Thursday, March 31, 2011

Bruno Kaufmann on activation of ECI

Bruno Kaufmann, President of the Institute for Initiative and Referendum-Europe, talks about the coming into force on April 1, 2011, of the European Citizens' Initiative, which allows a minimum of one million citizens in a minimum of seven countries in the European Union to propose EU legislation, recorded from Falun, Sweden, on March 30/31, 2011

Thursday, March 24, 2011

Senator Simitian’s pending RPS bill gets support from Assemblymember Gatto

While SB x1 2, California State Senator Joe Simitian’s bill to establish a 33% Renewable Portfolio Standard for the State of California, remains pending in the California State Assembly, Assemblymember Mike Gatto (D-43rd Assembly District) has strongly endorsed the bill, saying in a statement:

“I get a little angry when the local or national debate becomes a discussion on ‘global warming,’ because seeking renewable energy is about so much more than climate change. To me, renewable energy means clean air and water, blue skies, and fulfilling our generational duty to pass along a planet that is in the same or better shape as we found it. For all of these reasons, I support SB x1 2.”

Etopia News was lucky to get a statement from Assemblymember Gatto about the bill, given the stress under which Assemblymembers are now operating. A request for comment from the Speaker of the Assembly garnered this response:

“As far as a comment from Assembly Speaker PĂ©rez, we are completely inundated with budget issues and negotiations right now, making it difficult to focus on much else.”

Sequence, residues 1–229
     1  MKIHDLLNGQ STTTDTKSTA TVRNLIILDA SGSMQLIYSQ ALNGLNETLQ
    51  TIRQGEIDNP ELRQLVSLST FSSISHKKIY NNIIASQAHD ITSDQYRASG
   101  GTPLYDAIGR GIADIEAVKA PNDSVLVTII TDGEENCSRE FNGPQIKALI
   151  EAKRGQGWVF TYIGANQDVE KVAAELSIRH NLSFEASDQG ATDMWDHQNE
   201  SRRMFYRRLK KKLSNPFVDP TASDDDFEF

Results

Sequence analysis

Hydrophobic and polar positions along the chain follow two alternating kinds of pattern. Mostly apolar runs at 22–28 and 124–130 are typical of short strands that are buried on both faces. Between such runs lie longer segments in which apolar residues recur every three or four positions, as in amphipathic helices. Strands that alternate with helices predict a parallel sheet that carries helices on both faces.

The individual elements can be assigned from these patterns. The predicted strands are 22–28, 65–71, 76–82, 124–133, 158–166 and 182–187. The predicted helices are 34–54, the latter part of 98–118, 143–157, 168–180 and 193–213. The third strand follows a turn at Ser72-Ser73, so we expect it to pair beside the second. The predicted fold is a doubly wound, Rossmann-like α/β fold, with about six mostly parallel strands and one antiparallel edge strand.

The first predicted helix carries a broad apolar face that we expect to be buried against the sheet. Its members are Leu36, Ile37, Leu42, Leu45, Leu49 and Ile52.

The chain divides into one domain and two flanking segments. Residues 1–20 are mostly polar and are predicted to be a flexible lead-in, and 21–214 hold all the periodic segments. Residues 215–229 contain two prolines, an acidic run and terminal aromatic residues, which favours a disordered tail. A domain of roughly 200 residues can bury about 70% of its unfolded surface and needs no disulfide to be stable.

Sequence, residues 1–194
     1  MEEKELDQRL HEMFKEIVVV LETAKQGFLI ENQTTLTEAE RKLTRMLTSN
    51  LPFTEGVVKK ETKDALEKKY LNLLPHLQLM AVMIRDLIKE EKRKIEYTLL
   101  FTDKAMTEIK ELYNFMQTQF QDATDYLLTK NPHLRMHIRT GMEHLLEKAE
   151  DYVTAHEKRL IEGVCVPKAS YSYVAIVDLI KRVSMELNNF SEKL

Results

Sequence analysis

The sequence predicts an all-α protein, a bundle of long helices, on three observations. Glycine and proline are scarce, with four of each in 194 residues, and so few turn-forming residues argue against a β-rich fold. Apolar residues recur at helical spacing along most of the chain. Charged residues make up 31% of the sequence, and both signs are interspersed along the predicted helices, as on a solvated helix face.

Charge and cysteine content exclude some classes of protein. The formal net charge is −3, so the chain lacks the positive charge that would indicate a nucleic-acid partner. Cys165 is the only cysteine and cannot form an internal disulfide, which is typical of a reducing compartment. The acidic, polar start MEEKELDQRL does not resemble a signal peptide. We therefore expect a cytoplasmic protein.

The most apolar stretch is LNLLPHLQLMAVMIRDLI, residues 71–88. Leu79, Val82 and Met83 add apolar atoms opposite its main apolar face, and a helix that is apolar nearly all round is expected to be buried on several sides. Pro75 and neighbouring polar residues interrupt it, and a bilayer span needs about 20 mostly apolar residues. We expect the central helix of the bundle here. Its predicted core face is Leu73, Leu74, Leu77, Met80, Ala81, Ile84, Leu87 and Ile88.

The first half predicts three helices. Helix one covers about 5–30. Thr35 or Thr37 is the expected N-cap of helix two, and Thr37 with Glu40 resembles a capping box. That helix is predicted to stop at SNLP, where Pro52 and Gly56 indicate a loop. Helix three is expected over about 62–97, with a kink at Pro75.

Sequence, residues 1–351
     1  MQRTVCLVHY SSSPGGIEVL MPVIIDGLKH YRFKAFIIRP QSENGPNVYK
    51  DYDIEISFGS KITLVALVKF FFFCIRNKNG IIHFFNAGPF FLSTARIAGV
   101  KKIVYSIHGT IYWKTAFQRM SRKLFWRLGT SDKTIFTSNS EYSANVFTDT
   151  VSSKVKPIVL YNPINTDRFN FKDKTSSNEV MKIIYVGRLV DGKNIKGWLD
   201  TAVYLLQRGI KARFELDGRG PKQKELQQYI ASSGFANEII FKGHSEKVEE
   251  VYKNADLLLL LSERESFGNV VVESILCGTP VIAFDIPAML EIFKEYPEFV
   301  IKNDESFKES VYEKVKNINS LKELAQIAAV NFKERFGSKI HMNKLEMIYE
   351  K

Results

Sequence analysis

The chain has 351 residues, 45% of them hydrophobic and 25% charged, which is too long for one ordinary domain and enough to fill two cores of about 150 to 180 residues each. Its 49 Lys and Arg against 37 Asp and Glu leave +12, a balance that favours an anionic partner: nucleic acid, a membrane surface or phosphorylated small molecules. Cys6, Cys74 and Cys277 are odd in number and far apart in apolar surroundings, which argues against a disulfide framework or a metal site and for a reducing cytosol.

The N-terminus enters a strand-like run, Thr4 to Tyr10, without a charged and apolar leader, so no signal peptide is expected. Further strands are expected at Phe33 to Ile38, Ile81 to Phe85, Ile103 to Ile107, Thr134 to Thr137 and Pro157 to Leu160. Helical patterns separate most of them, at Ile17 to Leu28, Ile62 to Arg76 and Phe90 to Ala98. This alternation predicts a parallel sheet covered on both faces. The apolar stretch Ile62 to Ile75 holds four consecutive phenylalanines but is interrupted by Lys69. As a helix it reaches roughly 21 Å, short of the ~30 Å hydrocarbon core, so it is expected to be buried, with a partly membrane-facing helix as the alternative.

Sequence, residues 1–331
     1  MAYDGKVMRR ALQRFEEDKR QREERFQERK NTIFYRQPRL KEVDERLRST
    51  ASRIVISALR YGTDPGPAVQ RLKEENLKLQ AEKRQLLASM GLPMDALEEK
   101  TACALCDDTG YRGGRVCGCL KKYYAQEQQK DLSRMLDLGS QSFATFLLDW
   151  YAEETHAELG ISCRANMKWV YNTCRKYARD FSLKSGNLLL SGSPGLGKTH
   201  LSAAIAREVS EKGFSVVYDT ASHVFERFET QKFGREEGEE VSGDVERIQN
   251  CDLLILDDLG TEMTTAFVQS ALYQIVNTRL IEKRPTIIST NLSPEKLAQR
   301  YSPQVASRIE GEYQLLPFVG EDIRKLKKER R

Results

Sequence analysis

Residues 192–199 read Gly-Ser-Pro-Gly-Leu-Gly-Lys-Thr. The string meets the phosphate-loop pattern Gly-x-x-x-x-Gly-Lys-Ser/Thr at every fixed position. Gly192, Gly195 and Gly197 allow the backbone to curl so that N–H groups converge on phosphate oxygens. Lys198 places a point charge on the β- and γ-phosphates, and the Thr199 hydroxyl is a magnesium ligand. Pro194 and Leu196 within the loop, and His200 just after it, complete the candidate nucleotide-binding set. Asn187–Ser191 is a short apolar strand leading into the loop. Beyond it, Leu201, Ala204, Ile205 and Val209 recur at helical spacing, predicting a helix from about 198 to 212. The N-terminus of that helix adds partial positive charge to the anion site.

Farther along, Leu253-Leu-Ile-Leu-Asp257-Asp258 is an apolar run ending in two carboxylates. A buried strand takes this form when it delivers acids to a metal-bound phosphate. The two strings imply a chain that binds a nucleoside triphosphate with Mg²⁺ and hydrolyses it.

Wednesday, March 16, 2011

California’s investor-owned utilities support and oppose Senator Simitian’s 33% RPS by 2020 bill

In yesterday’s Etopia News video interview with California State Senator Joe Simitian (D-Palo Alto) about his bill establishing a 33% Renewable Portfolio Standard (RPS) for California by 2020, he said that the bill was being supported by two of the state’s large investor-owned utilities (IOUs) and opposed by Pacific Gas & Electric (PG&E).

Etopia News contacted all three of California’s IOUs and asked them to provide statements containing their views on Senator Simitian’s RPS bill, which is called either SB 2 (Senate Bill 2) or SB x1 2 (Senate Bill 2, 1st Extraordinary Session). Here’s what they had to say:

San Diego Gas & Electric (SDG&E)

“SDG&E supports the state's efforts to achieve a 33 percent renewable portfolio standard and voluntarily committed to reaching 33 percent by 2020.

“SDG&E supported last year's effort to establish the 33 percent policy and the company again supports RPS legislation this year, including SBX1 2.

“The state's RPS is an important element in its achievement in a low-carbon energy future and SBX1 2 reinforces California's commitment to clean energy and clean energy jobs.”

Southern California Edison (SCE)